Monday, 7 May 2018

Royal wedding: The main differences between American and British ceremonies

Will Prince Harry and Meghan Markle incorporate any American traditions into their big day?

Weddings are embedded in tradition, from the bride throwing the bouquet into a frenzied crowd to the happy couple driving off into the sunset with cans on strings in tow.

We may have many things in common with our pals across the pond, but when it comes to weddings, American and British ceremonies can differ greatly.

With the royal wedding between Prince Harry and Meghan Markle just a little over two weeks away, some are speculating over how the couple will incorporate American culture into the ceremony considering the fact that Markle grew up in California.

From personalised vows to a food-filled afterparty, here are the main differences between American and British weddings.

Personalised vows
While many of us have watched countless weddings on film and TV where individuals getting married have exchanged beautiful, heartfelt vows, it’s apparently less common for Brits to personalise their vows during the ceremony.

According to Inside Weddings, many British couples will recite the vows outlined by the Church of England.

The royal family is no different, although slight alterations have been made to the vows in recent times

In the traditional vows that the Queen repeated during her 1947 wedding to Prince Phillip, he stated that he would “love and cherish till death do us part”, while she said that she would “love, cherish and obey.”

Princess Diana decided to omit the word “obey” when marrying Prince Charles in 1981, with the Duchess of Cambridge following suit in 2011.

The Common Worship book of the Church of England, which was introduced in 2000, didn’t include the word “obey” in the updated wedding vows.

Some have speculated that Prince Harry and Markle will write their own vows in keeping with American tradition, in addition to the traditional vows of the church.

In the UK, it’s supposedly very common for brides to pay for the dresses of their bridesmaids, according to BBC America.

However, this differs in America, where bridesmaids will often have to foot the bill for their attire.

While many brides in the UK may choose a selection of friends and family to take on the role of bridesmaids, royal weddings are of course a slightly different story.

The bridesmaids at royal weddings usually consist of children, with the maid of honour and best man the only adult members of the wedding party.

However, with Markle hailing from California, rumours are rife about the friends that she may have chosen to be her bridesmaids on the day.

While close friend Priyanka Chopra, who wrote an excerpt about Markle for Time 100's list of most influential individuals of 2018, has confirmed that she won’t be a bridesmaid and the Daily Express has stated that Kate Middleton is unlikely to be one as well, some believe that TV producer and author Lindsay Roth may be named maid of honour for the bride-to-be.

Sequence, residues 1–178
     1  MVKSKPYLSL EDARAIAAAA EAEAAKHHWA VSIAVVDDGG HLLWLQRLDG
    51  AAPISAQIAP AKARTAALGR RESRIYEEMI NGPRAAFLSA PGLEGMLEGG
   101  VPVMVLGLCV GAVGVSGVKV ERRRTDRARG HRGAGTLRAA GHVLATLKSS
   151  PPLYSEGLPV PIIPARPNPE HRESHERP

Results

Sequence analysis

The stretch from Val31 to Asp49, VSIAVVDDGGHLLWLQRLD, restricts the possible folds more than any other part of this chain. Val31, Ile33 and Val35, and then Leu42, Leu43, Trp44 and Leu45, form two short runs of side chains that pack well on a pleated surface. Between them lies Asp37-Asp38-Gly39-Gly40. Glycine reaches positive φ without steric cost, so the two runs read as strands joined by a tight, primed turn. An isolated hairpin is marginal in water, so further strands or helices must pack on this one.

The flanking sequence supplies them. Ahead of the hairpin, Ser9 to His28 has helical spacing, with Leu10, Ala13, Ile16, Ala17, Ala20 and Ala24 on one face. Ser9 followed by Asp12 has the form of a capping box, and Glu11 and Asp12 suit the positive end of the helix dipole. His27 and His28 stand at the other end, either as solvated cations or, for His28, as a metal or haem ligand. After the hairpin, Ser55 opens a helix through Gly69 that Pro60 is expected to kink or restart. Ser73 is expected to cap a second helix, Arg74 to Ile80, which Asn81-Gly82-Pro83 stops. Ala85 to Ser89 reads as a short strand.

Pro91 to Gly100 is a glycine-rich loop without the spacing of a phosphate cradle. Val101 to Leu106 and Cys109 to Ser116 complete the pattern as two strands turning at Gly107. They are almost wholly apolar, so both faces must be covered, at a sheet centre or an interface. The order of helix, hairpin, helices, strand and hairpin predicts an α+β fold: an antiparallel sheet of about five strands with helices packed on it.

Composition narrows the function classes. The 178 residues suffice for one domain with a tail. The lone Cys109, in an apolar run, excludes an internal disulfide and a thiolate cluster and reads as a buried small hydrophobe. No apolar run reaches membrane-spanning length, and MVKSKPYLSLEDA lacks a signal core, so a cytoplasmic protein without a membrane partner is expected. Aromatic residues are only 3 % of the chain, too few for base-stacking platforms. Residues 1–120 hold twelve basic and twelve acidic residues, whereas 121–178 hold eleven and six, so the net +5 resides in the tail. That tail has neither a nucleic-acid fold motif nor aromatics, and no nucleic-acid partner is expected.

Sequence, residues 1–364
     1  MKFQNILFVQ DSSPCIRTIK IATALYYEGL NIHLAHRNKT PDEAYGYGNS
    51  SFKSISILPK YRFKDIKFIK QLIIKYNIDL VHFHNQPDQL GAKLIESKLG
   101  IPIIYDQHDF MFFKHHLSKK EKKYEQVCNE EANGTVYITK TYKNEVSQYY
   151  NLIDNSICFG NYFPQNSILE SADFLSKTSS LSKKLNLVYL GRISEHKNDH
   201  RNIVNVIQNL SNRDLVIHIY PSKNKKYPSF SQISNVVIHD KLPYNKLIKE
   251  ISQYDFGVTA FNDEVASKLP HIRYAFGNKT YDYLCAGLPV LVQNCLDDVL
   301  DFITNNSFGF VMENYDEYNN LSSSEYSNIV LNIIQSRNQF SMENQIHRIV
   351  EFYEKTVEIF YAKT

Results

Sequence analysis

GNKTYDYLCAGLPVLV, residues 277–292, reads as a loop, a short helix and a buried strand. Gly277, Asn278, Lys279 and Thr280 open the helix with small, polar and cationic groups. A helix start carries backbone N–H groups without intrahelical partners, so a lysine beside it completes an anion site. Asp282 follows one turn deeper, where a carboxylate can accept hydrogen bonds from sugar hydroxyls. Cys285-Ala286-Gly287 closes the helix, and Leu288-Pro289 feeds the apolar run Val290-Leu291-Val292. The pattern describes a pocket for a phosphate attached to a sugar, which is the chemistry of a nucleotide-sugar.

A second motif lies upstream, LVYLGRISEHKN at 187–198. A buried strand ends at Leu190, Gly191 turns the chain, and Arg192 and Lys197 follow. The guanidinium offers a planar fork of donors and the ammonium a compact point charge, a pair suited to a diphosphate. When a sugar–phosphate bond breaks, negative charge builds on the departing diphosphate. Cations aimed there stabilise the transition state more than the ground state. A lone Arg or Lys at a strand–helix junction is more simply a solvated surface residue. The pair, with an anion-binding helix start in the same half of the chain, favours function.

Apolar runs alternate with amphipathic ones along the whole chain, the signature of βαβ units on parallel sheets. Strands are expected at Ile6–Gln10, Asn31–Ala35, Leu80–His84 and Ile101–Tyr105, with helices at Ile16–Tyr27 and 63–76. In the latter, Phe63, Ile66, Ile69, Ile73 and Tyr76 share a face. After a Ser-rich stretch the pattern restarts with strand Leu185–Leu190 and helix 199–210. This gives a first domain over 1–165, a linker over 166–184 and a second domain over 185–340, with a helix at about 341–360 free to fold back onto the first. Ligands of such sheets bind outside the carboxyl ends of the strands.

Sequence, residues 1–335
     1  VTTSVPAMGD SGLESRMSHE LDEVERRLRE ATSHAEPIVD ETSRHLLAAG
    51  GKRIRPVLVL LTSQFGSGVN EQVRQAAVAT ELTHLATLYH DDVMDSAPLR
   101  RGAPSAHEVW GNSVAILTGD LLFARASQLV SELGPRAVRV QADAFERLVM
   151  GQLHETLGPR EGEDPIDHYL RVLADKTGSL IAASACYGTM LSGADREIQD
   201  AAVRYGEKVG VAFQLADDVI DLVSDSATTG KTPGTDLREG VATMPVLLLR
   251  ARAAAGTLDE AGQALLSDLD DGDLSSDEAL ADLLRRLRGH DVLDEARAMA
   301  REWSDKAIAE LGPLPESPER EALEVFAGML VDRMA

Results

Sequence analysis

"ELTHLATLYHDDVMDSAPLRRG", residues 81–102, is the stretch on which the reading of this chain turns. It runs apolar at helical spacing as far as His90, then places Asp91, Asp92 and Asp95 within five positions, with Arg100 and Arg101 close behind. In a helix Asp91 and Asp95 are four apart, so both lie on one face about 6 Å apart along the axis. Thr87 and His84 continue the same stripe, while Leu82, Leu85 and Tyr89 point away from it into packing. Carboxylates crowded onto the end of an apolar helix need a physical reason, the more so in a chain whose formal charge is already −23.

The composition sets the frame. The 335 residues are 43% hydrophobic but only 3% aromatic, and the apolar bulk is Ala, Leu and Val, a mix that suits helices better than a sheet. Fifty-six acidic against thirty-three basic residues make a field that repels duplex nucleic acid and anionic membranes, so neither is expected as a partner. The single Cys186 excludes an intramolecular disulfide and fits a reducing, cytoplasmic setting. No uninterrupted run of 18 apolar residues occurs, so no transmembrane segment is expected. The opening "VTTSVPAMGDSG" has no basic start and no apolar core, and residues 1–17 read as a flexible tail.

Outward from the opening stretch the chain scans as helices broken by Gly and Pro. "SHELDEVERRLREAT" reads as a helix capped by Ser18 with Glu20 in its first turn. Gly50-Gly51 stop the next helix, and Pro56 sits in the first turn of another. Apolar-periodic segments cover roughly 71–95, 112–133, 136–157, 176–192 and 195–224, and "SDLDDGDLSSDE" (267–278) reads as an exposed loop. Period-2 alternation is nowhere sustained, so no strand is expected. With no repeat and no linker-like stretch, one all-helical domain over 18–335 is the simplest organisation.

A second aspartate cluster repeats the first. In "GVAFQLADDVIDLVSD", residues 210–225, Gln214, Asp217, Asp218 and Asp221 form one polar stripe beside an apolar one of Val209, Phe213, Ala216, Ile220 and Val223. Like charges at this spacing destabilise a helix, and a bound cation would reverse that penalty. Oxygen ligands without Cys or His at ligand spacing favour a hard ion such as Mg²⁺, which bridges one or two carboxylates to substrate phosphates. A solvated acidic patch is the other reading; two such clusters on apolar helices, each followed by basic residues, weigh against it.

Roth and Markle met during their first year at Northwestern University, with Markle taking on the role of maid of honour for Roth’s wedding in 2016.

Wedding toasts
One of the biggest differences between American and British weddings is the toasts given during the meal, according to Vogue fashion news editor Emma Elwick-Bates.

“Americans always give such emotional and touching speeches, but in Britain, the best man - or woman - generally sets out to mortify the groom with much hilarity,” she explained.

Prince Harry reportedly decided to go easy on his brother when giving his best man speech at Prince William and Kate’s evening wedding reception, telling him that he was the perfect brother.

However, in true Prince Harry style, he used his good sense of humour to take the mick out of the newlyweds, doing impersonations of both the bride and groom much to the delight of their guests.

Wedding cakes are incredibly extravagant creations, although they may not always taste as good as they look.

While some may be a fan of fruit cake, those who prefer slightly more indulgent flavours will probably not be too drawn to the traditional British wedding cake, which Inside Weddings states is typically fruit cake.

On the other hand, wedding cakes in America display more variety with their choice of flavours.

In March, Kensington Palace revealed that Prince Harry and Markle had chosen Claire Ptak, a pastry chef from east London, to make their wedding cake.

The couple opted to divert from the traditional fruit cake of British weddings. Their lemon and elderflower wedding cake will be inspired by spring, covered in buttercream and decorated with fresh flowers.

Prince Harry took his role of best man at his brother’s wedding to heart by appointing himself as “master of ceremonies”, which involved organising for the guests to enjoy a delicious breakfast at 6am following the night of festivities.

The culture of enjoying early morning food following a night of frivolity is more common in America than in the UK.

However, this could be something that Markle will be keen to include during her wedding.

According to Hayley Bloomingdale, communications director at Moda Operandi, Markle will want to stay true to her American roots with her choice of afterparty nourishment.

“She needs to get this right. People don’t want posh food on silver platters at 1am,” Bloomingdale told The Sunday Times.

“They want grilled cheese, hot dogs, hamburgers, a taco truck, a doughnut wall, something lowbrow. That’s very American."

(Source: Independent)

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